Say what you will about last year’s Covid-induced downturn in the US beginning in March. But it paled in comparison to the UK’s economic cratering. Not since the Great Frost of 1709 had that proud nation suffered such a dramatic slump. Europe, in various degrees, followed suit.
But then, like the US, Europe and the UK began to recover. Indeed, a quick review of the literature showed how similar the comebacks were. This was particularly true of the credit markets: from the initial panicky revolver draw-downs, to separating “have” borrowers from “have-nots,” to the commercial upswing and deal snap back in the fall, and the wild Big Bang of closings at year-end.
Yet we detected distinct differences as well. As our 2016 white paper entitled “A Review of European Direct Lending” highlighted, European leveraged lending has historically been dominated by the commercial banks. In part this was due to the nationalistic character of its banking system, drawing strong support by local community banks for middle market businesses.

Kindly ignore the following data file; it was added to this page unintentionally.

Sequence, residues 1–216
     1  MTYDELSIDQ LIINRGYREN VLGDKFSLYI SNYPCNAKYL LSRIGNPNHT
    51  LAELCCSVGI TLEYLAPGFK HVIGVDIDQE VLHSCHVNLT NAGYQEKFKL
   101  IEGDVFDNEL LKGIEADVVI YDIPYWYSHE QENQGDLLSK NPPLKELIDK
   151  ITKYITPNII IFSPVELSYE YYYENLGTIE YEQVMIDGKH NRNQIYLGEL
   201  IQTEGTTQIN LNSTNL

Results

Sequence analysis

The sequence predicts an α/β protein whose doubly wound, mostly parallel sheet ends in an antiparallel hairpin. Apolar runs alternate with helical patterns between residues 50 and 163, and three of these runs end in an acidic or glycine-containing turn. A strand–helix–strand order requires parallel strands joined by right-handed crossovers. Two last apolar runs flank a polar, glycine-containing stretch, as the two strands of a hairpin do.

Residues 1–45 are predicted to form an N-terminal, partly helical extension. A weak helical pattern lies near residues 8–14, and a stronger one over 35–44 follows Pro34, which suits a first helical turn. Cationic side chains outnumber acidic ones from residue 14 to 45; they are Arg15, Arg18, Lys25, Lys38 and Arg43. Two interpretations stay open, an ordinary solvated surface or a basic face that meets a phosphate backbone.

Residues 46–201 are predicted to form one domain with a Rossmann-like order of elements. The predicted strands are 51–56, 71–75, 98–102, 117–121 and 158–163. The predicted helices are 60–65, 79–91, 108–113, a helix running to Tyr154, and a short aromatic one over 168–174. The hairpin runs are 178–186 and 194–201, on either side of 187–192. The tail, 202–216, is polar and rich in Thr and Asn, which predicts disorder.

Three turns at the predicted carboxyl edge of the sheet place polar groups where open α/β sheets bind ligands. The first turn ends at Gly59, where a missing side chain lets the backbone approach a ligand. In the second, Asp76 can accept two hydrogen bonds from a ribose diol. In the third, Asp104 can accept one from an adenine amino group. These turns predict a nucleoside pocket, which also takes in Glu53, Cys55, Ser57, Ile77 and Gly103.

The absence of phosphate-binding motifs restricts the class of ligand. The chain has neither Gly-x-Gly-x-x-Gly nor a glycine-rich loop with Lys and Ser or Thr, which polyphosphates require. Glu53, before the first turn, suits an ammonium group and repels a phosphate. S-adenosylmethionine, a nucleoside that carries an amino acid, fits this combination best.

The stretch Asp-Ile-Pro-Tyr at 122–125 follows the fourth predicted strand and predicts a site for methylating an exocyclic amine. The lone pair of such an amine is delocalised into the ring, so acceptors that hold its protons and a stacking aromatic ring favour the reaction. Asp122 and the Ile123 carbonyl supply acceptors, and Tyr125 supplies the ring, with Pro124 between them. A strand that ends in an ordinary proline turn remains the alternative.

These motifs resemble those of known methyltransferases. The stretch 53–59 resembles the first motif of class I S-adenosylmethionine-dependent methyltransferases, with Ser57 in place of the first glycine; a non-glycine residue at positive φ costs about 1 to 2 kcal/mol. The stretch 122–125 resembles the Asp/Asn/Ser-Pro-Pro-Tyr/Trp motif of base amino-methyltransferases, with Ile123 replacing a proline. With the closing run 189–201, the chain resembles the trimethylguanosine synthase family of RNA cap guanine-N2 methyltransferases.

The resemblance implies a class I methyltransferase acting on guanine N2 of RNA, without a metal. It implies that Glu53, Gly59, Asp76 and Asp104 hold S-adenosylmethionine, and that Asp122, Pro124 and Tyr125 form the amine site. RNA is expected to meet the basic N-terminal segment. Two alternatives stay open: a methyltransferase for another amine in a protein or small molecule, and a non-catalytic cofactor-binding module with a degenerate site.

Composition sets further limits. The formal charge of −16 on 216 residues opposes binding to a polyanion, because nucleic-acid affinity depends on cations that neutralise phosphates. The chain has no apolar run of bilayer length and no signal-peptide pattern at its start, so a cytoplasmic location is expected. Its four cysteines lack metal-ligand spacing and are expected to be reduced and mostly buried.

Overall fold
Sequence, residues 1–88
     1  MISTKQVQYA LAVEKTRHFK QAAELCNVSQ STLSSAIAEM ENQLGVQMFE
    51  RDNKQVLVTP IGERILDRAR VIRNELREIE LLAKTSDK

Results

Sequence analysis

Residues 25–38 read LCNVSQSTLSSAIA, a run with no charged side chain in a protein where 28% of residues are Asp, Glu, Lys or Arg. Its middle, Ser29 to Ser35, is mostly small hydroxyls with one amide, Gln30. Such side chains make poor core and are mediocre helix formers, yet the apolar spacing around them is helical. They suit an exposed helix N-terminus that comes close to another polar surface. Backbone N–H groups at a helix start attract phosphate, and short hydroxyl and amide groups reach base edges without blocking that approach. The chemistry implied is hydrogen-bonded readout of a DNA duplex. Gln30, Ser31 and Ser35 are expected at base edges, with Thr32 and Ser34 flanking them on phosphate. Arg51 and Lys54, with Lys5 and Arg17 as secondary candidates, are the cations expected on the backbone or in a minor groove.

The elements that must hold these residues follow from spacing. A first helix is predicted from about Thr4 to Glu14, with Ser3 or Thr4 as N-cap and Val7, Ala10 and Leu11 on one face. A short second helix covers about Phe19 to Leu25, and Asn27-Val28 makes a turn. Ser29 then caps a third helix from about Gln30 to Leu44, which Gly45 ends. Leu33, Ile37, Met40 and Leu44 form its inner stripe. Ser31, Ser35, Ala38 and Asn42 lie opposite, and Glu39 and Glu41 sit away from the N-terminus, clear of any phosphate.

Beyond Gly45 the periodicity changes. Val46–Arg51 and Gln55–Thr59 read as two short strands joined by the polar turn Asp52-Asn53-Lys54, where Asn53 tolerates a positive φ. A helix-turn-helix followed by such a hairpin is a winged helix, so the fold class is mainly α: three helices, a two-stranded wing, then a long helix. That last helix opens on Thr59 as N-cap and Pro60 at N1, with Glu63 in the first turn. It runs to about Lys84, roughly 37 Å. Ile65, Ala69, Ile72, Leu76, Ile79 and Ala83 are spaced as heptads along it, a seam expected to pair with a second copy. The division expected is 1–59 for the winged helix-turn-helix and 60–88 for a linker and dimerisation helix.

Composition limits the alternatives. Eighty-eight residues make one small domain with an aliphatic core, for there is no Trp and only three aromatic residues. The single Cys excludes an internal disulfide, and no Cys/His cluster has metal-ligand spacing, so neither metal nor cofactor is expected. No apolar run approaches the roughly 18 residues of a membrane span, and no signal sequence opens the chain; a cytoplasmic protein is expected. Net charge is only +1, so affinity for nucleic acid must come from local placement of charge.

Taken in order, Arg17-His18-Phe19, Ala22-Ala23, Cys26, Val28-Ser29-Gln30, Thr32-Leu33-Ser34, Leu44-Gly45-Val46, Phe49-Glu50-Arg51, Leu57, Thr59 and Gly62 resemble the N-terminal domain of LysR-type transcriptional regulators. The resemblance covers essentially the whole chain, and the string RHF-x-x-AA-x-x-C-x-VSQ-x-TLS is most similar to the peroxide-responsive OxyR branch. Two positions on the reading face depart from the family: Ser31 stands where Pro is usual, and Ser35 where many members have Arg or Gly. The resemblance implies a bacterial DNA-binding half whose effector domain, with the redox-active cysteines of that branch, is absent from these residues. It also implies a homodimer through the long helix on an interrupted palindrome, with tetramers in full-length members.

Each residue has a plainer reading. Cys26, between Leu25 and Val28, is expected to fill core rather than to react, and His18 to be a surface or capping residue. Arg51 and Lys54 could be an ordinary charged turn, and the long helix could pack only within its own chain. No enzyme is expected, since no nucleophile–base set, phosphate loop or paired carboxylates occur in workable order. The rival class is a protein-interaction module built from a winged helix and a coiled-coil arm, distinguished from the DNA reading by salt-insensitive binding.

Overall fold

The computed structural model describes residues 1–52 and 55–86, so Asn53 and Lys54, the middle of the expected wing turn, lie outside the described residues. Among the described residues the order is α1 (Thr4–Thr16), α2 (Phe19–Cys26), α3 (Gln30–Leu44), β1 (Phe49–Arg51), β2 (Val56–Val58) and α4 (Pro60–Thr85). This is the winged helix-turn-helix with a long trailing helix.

But as was the case in the US, direct lending blossomed in Europe after the GFC as regulated lenders were discouraged from holding leveraged loans. That gave rise to a slew of direct lenders – Arcmont, Hayfin, Permira, and Tikehau, to name a few – who each built pan-European teams to source deals from private equity firms.